“You’ve been avoiding me fairly often the past couple of weeks so I’ve had a lot of spare time,” he admitted without looking at her. He held his arm over the desk to transfer the file to his smart and then swiped his hand through the holoscreen to close the comp. “Come on. I’ve only ever seen Lastin in there and right now he’ll be sleeping. He’s the one who showed me how to run the satellite console. If there are satellites around planet seventy-four, we can do a sweep and add any findings to our summary. It’ll only take an hour.”
Trevor was still at the desk when he rolled open the door.
“Or I can go myself and save the file to your personal to review before saving for Captain,” he mumbled toward the floor.
“Only someone using an old satellite system wrong would think it takes an hour,” she said, coming around the desk. “Obviously I need to set up the sweep.”
He smiled at the floor. This conversation was the most she’d said to him in the past week, and calling him incompetent with the antique system was the closest she’d been to getting mean in the past month.
He led the way down to the below decks control room. The consoles were a much previous generation to the old control system recently upgraded out of the bridge. Equipment down here was thick, clunky, and closely packed, each panel for the satellites hummed after being turned on, and all of them actually required physical touch and pressure to operate. Everyone on the crew was fairly certain the reason Captain hadn’t upgraded this room was because it was now a Coalition Historical Site and there were laws against disrupting those. Even the floor in here was covered by old fashioned sterilpoly tiles, cut to fit with glue in the seams, instead of the usual spray-in-place sterilpoly flooring that was everywhere else in Dockland.
Trevor sat in the rigidly affixed seat in front of what Leo thought of as Satellite Viewing and Control and flicked on the switches to power up the panels. She was smiling about using the hands-on equipment, and chuckled as she pointed to the transglass screen providing a progress bar for how long remained until the system became completely live. A ridiculous four seconds passed before the screen flickered and the panel menu options appeared on the backlit display.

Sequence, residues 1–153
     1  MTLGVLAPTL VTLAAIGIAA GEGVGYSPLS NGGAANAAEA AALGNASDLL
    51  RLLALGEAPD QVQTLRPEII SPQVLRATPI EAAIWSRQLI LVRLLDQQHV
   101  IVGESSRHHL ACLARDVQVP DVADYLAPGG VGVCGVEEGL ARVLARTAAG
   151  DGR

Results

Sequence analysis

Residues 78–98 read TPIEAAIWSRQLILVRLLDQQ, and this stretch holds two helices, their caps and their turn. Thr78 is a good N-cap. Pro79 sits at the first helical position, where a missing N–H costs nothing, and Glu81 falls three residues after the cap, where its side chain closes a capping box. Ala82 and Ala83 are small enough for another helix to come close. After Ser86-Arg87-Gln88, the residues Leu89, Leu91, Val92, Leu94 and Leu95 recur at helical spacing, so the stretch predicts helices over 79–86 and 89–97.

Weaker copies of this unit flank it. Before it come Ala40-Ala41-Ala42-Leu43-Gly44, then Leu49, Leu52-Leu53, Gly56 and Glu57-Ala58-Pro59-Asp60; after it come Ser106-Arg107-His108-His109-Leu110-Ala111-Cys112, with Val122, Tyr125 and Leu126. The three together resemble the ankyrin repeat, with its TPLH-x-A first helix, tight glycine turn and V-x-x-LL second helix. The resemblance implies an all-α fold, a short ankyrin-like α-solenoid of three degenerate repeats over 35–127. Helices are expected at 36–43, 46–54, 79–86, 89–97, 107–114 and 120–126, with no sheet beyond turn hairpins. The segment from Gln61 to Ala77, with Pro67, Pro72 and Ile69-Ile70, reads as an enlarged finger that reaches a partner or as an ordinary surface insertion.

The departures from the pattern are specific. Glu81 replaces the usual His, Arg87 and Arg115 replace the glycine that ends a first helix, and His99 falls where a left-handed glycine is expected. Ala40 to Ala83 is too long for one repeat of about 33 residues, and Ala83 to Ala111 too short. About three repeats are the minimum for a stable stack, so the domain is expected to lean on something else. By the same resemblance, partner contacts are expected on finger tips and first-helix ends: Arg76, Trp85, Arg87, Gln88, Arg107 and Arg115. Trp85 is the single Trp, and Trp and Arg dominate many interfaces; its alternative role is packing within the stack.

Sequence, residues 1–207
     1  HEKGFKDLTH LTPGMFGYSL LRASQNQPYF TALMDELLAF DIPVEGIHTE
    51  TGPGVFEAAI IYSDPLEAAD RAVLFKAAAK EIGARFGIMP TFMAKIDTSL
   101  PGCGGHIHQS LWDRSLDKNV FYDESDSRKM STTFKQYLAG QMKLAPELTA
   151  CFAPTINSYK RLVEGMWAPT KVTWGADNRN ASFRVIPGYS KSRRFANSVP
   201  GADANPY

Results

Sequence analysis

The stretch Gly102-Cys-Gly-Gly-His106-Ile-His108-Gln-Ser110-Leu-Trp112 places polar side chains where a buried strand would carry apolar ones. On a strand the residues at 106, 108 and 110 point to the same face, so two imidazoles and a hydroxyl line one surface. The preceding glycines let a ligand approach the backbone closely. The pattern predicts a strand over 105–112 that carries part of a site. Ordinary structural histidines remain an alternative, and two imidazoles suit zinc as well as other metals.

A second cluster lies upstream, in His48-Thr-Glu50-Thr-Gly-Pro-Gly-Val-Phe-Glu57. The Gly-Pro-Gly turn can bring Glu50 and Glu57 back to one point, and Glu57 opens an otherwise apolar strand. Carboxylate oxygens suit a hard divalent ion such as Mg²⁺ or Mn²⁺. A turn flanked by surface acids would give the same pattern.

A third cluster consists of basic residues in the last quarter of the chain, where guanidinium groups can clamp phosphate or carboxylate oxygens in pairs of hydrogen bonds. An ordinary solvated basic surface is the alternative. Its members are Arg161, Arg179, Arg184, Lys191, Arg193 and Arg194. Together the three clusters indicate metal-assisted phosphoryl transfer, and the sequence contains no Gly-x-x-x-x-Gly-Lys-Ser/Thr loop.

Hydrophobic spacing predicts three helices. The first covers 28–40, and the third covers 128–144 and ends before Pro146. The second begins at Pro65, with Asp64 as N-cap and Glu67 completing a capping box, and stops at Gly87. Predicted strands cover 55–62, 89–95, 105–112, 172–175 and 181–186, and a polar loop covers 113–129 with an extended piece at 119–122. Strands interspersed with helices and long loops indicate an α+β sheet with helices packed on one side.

“Imagine living in a time where this was considered top-notch technology,” Trevor mused, shaking her head at having to use a combination of a remote, pressure sensitive pad on the console top and the touch activated transglass screen to navigate the menu options. Every selection she made had an audible tick noise, as if the visual highlight of selecting the option she wanted wasn’t verification enough of the choice. After setting up commands for what they needed, she still had to use the manual keypad, switches, and pressure pad to finish approving and initiating the commands.
Honestly, Leo loved the old equipment. He wasn’t adept at using it, but had found the laughably clunky handheld which contained the control room’s user manual – and had an actual glass screen, not even transglass – tied to one of the other consoles. And that didn’t mean tied as in the usual meaning of being linked; it was actually locked in a case welded to a physical chain which stopped the handheld from being taken further than one meter away from the console. The whole below decks control room was like stepping into an interactive museum simulation, except all the equipment for operating the outdated satellite system was functional and remained part of an old, refitted ship deployed as a scanner on exploration.
A weekly blog updating on Fridays with quick personal blurbs about me, as in what's going on during my life as an Author and mom, and that doles out my short stories and novellas in bite-sized parts for everyone to read for free!